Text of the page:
Choosing Your Cake Flavour

I love the classically named cakes, with their defined flavour & filling combinations:


Black Forest Cake – chocolate cake, cherry filling and whipped cream frosting

Dobos-TorteDobos Torte – thin layers of nut sponge with chocolate buttercream and a caramelized sugar “fan” on top

Opera-TorteOpera Torte – sponge, ganache and mocha buttercream

I also like watching cake flavour and decor trends, including “naked” cakes, confetti cakes, and I am going through a serious waffle cake phase right now.

I don’t repeat birthday cakes – I change it up every year, and I rarely choose a chocolate cake.

When to Bake Your Cake

Because I’d like to be a guest at my own birthday party, I plan on baking the cake layers two days ahead (or baking and freezing further ahead) and making the fillings and frosting the day before, and assembling then.

Tip: Cake layers are less crumbly and easier to slice when baked a day before frosting them.

Anna-Olson-birthday-cake

Tip: Unfrosted cake layers should not be refrigerated (it would dry the cake out. If baking a day ahead, wrap them well and leave them on the counter.  Once assembled, the frosting seals in the moisture, so it can be chilled and stay fresh.

How Long Will Your Cake Sit Out?

If the weather is nice (and you went to a deal of effort), you’ll want to show off the cake and let it sit out at room temperature (out of direct sunlight).

Tip: Frosting and fondants that have food colouring added fade when exposed to direct sunlight. Take care where the cake is placed for display, and adding a little glycerin (available where you buy cake decorating supplies) to your frosting or fondant will help preserve the colour.

So you need to choose fillings and frosting that suit:

Out for under 30 minutes: mousse fillings and whipped cream frostings are fine.

Out for 30-90 minutes: Curd fillings, fruit fillings, cream cheese frostings and chocolate ganache can handle sitting out for longer.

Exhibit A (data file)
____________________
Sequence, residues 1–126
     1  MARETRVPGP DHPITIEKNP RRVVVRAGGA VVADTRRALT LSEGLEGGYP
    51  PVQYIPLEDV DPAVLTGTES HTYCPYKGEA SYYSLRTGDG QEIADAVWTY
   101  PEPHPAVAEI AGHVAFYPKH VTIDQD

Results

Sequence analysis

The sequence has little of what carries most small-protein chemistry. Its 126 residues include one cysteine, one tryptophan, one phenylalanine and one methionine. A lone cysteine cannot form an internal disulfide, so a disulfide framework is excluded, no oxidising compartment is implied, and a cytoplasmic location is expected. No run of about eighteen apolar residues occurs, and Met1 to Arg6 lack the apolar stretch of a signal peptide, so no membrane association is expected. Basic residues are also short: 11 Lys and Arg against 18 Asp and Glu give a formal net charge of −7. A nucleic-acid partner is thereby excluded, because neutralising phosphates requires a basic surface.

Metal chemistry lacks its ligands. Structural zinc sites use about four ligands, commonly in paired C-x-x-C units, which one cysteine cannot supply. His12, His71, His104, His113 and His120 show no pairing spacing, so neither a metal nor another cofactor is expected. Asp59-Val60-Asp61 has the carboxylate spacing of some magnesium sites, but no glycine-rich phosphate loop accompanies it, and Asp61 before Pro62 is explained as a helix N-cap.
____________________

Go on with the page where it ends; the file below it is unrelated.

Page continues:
Out for 90+ minutes: Swiss buttercream cakes, fondant covered cakes, and cupcakes can sit out longer.  Italian buttercream is the most stable frosting, which is why it is a favourite choice of pastry chefs for wedding cakes.

Anna’s Birthday Cake

So now that we’ve talked about all types of cakes, what is my choice for a birthday cake?  And the winner is:

Lemon-Swiss-Buttercream-Hatbox-Cake
Lemon Swiss Buttercream Hatbox Cake

Lemon cakes are ideal in spring, and I’m also thinking about Mother’s Day – I’ll be celebrating with my Mom then, and she loves a good lemon cake as well.  The silkiness of the Swiss buttercream is sweet, smooth and stable, but is not overly rich or cloying.  I’m not certain that I’ll replicate this hatbox style – I may go for piping spring flowers on top to suit the season.  Now that the Anna Olson Kitchen line carries a box of 100 reusable & recyclable disposable piping bags, and a piping tip set, there are no limits to my decor stylings.

Lemon-Swiss-Buttercream-Hatbox-Cake-version-2

And if you are baking a birthday cake for yourself or someone else, remember that delicious memories are made in the kitchen – enjoy the time spent baking as much as the time spent eating!

 

The Anna Olson Kitchen collection of 48 items of bakeware, baking tools and décor tools are available exclusively at The Hudson’s Bay Company and  www.thebay.com

Lemon-Meringue-Cake-feature-image